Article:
Besides paying for and getting SkyTrax 5* rating most of the strategy change will never happen. As for the rating. Well… if LH can do it SU definitely deserves it. The truth is neither LH or SU is somewhat close to 5*. Things are not getting prettier for SU either – multiple service cuts were introduced in 2019 (no baggage fares, no meal on short flight, joke meal on 3-4 hours flights, limited alcohol in Premium Economy, no or joke alcohol in longhaul economy, reduced cabin crew – they have to run like on fire to serve full business class cabin, like 2 FAs need to serve hot plated dinner with courses change, beverage service, refills, tea/coffee for 20 biz pax on 1h 20m SVO-LED ).

    Aeroflot is not a bad airline, but you should get that it’s a government owned airline in a country like nowadays Russia. There is always a real reason behind everything happening:
    1. Transfer of SSJ and MC-21 orders to Rossiya
    Aeroflot would never order a single SSJ or MC, but it has no choice other than to ‘support aircraft manufacturing in Russia’; since they took delivery of the 1st SSJ back in 2010 they’ve been looking for ways to offload all SSJ one way or another; the aircraft is great in terms of passenger comfort but such an underperformer for the airline (like after 10 years in service Aeroflot managed to max out flying hours to 60 per month! on average – pre covid)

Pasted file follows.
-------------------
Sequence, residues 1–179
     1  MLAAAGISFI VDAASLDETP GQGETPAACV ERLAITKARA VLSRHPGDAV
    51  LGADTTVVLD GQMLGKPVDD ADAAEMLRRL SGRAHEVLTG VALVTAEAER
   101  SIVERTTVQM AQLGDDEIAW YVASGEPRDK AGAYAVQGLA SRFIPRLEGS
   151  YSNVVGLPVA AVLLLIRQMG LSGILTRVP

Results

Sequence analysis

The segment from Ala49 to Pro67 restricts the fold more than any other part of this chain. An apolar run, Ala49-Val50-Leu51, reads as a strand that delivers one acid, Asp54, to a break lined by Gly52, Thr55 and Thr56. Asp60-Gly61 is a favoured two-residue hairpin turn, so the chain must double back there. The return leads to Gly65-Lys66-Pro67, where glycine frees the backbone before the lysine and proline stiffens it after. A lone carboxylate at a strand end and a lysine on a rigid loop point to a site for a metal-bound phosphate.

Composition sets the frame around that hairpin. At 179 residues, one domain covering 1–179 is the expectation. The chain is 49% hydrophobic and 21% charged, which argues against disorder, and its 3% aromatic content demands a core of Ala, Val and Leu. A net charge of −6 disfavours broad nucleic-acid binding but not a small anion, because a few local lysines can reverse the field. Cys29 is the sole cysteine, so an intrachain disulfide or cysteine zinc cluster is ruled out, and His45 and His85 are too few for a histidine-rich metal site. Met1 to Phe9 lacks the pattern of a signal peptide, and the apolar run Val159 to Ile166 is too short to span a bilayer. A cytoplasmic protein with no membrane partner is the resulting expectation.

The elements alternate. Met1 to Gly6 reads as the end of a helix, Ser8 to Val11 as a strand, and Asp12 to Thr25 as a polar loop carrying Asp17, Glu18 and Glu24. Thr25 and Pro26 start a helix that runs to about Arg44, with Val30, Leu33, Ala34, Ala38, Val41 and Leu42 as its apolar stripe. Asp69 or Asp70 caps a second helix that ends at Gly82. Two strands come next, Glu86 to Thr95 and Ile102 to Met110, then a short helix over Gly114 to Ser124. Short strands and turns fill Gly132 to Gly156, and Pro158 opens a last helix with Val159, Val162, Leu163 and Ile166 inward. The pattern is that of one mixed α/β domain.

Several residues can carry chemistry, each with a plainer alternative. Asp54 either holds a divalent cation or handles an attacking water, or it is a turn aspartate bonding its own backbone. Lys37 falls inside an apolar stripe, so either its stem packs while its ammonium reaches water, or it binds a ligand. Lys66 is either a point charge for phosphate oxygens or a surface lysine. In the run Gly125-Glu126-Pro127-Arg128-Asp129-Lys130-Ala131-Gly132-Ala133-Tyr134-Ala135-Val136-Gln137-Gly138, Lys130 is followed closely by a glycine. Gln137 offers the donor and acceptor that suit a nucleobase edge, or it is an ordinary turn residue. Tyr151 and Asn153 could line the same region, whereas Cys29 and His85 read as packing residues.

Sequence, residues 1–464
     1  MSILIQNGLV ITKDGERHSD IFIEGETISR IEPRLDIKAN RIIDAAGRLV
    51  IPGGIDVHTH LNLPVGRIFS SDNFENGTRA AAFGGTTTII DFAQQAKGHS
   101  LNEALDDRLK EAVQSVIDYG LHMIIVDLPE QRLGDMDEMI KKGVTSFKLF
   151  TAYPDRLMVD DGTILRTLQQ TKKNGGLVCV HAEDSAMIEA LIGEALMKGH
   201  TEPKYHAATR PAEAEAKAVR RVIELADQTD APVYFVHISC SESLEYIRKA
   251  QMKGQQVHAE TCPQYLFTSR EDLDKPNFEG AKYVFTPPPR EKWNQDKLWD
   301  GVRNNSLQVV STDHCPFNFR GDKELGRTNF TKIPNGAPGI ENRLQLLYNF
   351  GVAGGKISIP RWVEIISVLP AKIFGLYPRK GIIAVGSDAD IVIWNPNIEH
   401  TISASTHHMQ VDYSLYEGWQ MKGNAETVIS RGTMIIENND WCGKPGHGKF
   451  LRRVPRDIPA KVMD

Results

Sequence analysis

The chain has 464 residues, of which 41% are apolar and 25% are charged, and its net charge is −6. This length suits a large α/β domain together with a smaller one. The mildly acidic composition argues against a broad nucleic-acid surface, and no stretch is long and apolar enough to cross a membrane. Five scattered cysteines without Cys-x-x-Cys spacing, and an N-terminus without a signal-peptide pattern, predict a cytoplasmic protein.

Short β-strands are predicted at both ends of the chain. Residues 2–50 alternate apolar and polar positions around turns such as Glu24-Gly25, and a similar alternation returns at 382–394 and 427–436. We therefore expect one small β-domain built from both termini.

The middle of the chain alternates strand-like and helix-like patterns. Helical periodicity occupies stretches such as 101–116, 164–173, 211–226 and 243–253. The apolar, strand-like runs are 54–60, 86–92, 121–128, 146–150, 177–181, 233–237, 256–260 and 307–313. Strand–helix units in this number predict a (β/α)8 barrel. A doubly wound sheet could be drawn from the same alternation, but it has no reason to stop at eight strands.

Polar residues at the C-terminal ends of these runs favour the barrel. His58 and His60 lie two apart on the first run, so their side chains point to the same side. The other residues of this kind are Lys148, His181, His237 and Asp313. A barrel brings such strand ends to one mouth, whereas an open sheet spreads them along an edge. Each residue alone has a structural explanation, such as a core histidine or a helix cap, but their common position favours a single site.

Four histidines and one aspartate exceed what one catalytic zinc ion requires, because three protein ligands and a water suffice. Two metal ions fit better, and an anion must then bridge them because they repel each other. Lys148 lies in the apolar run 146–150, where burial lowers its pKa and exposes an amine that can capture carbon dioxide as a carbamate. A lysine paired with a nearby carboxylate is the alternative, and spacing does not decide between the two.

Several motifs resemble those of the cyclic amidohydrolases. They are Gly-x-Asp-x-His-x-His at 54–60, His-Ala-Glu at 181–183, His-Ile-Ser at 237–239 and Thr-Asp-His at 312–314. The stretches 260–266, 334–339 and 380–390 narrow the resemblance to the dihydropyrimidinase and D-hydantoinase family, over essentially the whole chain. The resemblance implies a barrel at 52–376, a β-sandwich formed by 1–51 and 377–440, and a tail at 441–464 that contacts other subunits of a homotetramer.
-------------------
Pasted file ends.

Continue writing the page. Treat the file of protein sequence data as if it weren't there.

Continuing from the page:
2. Offloading 737s to Pobeda
    Aeroflot never wanted to operate 737s. They’ve chosen A320s and has been successfully using the aircraft for more than 15 years. Then there was a huge order of 50 737s placed in 2006-2008 by another government owned corporation (Rostech) under not market conditions (and you would assume the sole reason for the order was to get some ‘compensation’ back from Boeing). When time came to deliveries the order was transferred to Aeroflot which has no choice and began to accept deliveries (significantly overpaying for lease).
    So they try to use the opportunity to finally offload 737s (with terrible economy cabins), lower unit costs on domestic flights and fuel growth of Pobeda without 737 max deliveries.